“Sign me up and I’d play for free,” is the overused line heard from the lips of many typical Joe Blow fans when they see one of their team’s players miss a block, drop a pass or throw an interception.
While some sit back and reflect on the extenuating circumstances of any given misplay and recognize the responsibility of other teammates and/or coaches in the outcome of a play call, a select group of team supporters will inevitably come to the conclusion that the athlete who missed the big tackle is dogging it.
And sometimes they are 100-percent on-point with their assessment. As hard to believe as it may seem, not every professional that straps on the pads for living is as committed to their profession as we may assume.
A few million dollars in the bank account is enough to lure some young men into the good life that provides a bountiful supply of fast cars and fast women in the short term.
Of course, this isn’t the case with most players, as front-office personnel generally do an excellent job of identifying prospects and free agents that demonstrate a requisite amount of maturity to make their professional development as active members of the NFL their top priority.
Oftentimes, an underperforming player’s failure to live up to expectations is simply the result debilitating injuries that’s he’s struggling with or being miscast in a new role or scheme that doesn’t quite mesh with his skill set.
Then, of course, there are those that might have looked promising at one point, but eventually get figured out by opposing teams and aren’t able to adjust. This type of player may settle into being a JAG (just a guy) for the rest of his career despite earning considerably more than most of his run-of-the-mill peers.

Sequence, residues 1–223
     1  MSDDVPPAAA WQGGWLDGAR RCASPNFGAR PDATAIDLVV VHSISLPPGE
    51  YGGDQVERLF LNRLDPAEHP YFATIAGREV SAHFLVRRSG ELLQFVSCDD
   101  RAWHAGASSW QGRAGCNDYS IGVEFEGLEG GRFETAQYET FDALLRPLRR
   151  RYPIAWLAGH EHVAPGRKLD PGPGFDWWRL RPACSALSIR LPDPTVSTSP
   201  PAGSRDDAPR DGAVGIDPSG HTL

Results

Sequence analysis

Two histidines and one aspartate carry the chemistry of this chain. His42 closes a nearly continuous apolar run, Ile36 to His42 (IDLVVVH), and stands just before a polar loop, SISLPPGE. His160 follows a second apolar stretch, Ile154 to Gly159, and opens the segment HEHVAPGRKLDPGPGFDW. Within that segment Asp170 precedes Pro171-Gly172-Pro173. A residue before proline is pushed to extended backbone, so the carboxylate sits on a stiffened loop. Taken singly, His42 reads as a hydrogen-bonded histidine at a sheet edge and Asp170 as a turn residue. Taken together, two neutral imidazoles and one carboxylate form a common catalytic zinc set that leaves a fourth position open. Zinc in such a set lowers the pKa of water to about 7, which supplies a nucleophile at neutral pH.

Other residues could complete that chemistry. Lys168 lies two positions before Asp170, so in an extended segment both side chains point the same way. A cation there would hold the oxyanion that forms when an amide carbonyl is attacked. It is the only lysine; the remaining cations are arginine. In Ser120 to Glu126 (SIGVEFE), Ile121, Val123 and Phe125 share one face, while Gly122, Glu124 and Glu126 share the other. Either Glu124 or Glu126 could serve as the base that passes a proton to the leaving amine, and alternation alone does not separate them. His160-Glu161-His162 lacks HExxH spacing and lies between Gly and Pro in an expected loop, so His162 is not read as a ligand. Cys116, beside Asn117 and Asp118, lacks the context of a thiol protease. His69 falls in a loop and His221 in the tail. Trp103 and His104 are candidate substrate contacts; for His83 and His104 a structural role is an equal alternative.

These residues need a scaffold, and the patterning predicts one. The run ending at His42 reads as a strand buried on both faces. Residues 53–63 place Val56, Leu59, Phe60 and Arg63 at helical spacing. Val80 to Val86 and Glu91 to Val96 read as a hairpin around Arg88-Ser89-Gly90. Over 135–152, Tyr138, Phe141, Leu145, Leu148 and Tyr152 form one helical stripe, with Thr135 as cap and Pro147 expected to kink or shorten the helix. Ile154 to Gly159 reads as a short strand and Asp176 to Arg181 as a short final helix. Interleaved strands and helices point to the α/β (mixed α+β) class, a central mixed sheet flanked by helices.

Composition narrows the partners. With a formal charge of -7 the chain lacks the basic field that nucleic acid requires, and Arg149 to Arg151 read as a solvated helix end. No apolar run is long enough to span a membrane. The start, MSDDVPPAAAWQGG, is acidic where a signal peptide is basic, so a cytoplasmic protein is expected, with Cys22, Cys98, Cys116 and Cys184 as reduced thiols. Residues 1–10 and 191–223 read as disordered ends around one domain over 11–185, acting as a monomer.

The Packers aren’t immune to rostering name-brand players and fairly well-known players that are pulling in a handsome salary, but are failing miserably at earning their keep.
Because NFL contracts aren’t guaranteed for the most part, fans will customarily take that to mean that team management shouldn’t even blink an eye in parting ways with any well-paid team member that can’t deliver.
Well, if the process worked that easily, we would undoubtedly witness drastic roster overhauls on the part of the vast majority of organizations on a yearly basis.
The reality is that general managers will find themselves sticking with overpaid veterans for the mere fact that while that player’s annual salary comes off the books in the event of his release, the signing bonus he’s agreed to may be prorated or spread out over multiple seasons.
Those bonus dollars don’t vanish off a team’s salary-cap number once the athlete walks, which will prompt front-office decision makers to keep the “dead weight” around a bit longer to essentially avoid having any “dead money” on the payroll.
Another factor that will keep underachievers on the roster is the round they were drafted in. No GM will easily cut ties with a former first or second-round draft pick that will probably tarnish his legacy…and sometimes irreparably.
The following are Green Bay’s resident deadbeats that most would agree are due for a pay cut or an outright pink slip. Included are each player’s base salary and their overall cap hit on the team’s cap courtesy of spotrac.com.